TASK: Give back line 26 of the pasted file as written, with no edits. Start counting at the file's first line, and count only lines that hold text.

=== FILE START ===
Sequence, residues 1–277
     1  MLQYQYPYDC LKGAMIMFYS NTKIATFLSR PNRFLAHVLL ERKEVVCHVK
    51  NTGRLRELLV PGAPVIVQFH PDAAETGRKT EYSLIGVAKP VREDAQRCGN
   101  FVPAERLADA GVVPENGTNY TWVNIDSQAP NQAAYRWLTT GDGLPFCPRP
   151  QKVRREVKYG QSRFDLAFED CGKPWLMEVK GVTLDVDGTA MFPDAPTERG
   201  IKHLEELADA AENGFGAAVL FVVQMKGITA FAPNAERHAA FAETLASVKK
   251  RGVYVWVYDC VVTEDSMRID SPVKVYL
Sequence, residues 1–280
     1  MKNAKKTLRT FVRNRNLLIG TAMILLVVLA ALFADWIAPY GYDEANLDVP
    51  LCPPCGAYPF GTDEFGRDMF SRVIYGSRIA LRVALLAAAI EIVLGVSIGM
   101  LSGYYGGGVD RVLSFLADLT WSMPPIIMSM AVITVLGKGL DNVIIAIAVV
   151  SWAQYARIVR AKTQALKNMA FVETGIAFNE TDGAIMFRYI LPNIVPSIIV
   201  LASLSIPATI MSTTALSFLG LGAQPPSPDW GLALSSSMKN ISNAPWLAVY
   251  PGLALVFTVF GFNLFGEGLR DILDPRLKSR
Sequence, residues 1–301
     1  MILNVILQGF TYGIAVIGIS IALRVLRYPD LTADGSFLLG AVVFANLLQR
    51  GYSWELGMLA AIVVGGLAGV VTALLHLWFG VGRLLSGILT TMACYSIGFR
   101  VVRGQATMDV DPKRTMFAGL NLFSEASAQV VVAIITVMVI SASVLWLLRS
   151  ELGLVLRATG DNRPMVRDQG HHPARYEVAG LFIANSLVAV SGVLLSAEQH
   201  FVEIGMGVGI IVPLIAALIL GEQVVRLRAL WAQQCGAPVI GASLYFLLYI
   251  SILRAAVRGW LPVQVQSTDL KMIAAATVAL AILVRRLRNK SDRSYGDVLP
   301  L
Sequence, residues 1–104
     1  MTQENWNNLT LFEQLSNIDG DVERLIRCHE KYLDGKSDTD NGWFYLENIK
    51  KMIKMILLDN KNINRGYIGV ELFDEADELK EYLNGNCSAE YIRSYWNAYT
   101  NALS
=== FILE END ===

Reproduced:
   101  NALS